"Irregardless" is included in Merriam-Webster's Dictionary. Does it deserve to be there?
Do you just not like it, or is this a regular argument that writers have over drinks?
It's an argument I've had more than once with other editor-type people. "Irregardless" is considered to be a commonly misspoken word. What the speaker usually means is "regardless," but he or she adds "irr" probably thinking of "irrespective." Some claim that if the word is used incorrectly enough, it becomes a word (or at least a variant) that should be included in the dictionary. Here is Merriam-Webster's defense of including it: youtube.com
I bet "F'sho" is on its way to joining Merriam Webster. I think that language is a constantly evolving thing, and a word becpmes a word when it slips into at least a decent-sized portion of the population's vocabulary. But there has to be a line somewhere for misspellings, or clarity of language and our ability to understand one another slips. Next up: "teh" as variation for "the"?
Yeah, good point Ellen. I would have chosen to not include irregardless personally since it's "wrong". Just like a dont without the apostrophe isn't in the dictionary even though we're all guilty of using it that way.
Irregardless, Geoff is right.
Ohmygod, Andrew, you took the words right out of my mouth (can we include "ohmygod"?. I was going to say something witty about how it "most definitely should not be in there. That's like saying 'bootylicious' should be. Oops."
I know it's a snob thing to say, but as someone who prides herself on her vocabulary, "irregardless" feels like someone trying too hard to sound intelligent.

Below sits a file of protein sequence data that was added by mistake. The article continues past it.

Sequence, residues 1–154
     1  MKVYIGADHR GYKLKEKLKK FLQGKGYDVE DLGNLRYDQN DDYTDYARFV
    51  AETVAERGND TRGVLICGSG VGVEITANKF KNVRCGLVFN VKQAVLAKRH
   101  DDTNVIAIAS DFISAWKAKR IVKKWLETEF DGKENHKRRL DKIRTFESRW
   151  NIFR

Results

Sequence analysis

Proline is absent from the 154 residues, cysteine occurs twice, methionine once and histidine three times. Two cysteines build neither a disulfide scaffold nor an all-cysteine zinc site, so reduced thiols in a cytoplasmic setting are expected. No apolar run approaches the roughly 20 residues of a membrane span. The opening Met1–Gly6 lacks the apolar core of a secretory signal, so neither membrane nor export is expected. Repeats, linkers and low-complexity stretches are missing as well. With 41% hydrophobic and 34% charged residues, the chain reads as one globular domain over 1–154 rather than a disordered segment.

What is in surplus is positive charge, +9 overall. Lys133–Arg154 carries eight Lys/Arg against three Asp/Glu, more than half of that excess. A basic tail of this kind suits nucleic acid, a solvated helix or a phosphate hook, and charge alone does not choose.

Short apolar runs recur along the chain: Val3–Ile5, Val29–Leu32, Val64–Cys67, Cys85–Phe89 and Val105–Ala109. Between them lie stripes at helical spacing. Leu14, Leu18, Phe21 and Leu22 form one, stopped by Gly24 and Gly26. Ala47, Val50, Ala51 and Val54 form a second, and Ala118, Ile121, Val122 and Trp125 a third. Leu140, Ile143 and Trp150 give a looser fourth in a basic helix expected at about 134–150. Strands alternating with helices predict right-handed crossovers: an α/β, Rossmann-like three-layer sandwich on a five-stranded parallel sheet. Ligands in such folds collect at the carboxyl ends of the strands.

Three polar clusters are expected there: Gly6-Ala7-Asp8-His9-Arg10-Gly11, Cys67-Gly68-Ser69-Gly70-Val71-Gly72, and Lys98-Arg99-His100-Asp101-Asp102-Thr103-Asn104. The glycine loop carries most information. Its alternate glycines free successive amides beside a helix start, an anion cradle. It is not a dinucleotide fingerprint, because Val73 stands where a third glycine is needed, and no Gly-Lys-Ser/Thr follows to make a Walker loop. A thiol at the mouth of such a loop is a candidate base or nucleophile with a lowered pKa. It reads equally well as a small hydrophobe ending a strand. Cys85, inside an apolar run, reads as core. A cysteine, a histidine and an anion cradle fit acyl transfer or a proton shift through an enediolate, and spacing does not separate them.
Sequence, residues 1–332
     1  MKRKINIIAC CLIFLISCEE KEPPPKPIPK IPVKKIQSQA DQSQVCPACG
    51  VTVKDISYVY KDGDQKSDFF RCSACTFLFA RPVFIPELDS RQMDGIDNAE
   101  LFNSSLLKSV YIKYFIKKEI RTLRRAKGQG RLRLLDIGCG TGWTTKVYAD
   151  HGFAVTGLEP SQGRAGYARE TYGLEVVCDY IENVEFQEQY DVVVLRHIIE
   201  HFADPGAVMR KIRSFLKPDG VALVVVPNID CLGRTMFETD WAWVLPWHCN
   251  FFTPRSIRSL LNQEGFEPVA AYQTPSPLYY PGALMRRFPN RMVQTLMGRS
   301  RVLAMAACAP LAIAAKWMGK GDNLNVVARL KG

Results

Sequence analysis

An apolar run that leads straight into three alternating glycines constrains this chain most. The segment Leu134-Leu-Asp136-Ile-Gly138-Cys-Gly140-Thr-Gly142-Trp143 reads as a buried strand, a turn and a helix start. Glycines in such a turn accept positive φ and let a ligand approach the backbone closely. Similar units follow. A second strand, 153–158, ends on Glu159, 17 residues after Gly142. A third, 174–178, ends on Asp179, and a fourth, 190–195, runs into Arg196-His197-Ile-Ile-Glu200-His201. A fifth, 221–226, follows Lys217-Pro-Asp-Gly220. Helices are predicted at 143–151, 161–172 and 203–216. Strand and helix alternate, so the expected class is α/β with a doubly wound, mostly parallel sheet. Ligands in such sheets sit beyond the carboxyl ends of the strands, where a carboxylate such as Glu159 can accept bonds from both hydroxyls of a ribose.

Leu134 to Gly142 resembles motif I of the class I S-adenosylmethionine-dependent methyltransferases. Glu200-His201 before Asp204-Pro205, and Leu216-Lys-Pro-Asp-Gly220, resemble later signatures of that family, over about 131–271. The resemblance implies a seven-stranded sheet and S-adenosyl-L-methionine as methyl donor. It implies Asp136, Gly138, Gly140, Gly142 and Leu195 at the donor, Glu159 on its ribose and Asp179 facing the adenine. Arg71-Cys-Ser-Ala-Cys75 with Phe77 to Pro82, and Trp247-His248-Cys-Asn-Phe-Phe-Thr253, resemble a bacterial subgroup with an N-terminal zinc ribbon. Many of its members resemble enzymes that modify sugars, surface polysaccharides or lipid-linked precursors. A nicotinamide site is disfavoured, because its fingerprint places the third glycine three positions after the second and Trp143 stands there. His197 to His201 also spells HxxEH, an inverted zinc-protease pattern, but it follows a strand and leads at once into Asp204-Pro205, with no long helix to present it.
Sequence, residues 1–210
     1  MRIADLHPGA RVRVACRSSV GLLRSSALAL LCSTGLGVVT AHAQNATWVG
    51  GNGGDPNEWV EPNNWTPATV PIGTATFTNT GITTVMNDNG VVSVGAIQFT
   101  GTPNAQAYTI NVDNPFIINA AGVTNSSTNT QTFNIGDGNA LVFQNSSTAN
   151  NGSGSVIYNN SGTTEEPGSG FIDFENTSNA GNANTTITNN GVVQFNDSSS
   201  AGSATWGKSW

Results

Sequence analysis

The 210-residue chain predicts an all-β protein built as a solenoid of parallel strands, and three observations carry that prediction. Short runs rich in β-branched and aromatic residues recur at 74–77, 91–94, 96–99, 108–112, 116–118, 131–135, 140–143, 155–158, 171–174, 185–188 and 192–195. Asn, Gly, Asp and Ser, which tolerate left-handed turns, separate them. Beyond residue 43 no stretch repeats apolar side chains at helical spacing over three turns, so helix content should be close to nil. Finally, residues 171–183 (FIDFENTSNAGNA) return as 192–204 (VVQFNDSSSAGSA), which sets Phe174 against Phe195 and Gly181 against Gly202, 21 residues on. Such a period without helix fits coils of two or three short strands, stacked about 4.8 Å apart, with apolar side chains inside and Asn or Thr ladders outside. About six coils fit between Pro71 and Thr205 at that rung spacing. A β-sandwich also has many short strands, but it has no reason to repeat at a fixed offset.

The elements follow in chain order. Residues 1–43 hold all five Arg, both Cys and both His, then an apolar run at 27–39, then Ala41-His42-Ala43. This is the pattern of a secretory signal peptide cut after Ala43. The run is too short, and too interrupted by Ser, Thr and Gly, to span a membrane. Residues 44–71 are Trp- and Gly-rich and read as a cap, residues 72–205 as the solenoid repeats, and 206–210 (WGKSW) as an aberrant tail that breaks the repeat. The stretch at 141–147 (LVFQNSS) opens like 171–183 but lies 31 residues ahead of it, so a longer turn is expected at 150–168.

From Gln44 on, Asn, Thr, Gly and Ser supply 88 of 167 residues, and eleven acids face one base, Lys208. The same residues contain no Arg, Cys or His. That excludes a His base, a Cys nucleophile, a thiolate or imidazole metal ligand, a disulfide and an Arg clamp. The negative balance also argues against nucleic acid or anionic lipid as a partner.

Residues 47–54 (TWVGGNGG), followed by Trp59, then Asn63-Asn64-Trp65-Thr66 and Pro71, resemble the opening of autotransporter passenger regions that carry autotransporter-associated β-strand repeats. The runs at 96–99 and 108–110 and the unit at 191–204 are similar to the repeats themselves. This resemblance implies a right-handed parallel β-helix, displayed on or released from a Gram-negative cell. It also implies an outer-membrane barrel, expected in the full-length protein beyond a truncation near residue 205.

Sounds like I'm the only descriptivist (Merriam Webster's camp) in this thread. I loved this piece in the May 14 issue of the New Yorker about the history of the same argument we're having. I especially like how it points out the politics inherent to the perscriptivist/descriptionist debate: designating certain forms of speech as "right" or "wrong" inevitably connects to a judgment of some cultures being more "right" and others more "wrong" depending on their usage of language. newyorker.com
> I would have chosen to not include irregardless personally since it's "wrong". Just like a dont without the apostrophe isn't in the dictionary even though we're all guilty of using it that way.
But people decide what language is. We made it, not the other way around. Dictionaries came into existence so if you heard a new word that you didn't understand, you could look it up. If the word was common enough, you'd find a definition.
I just looked in the Merriam-Webster Unabridged 11th Edition, and bootylicious isn't there. They added it in 2002, according to news reports. Another of the words added in 2002, noogie, is still there. It would appear that they quietly removed it at some point, at least from the online unabridged edition. So I guess they agree with you, Andrew!
Thanks for your feedback! Team Branch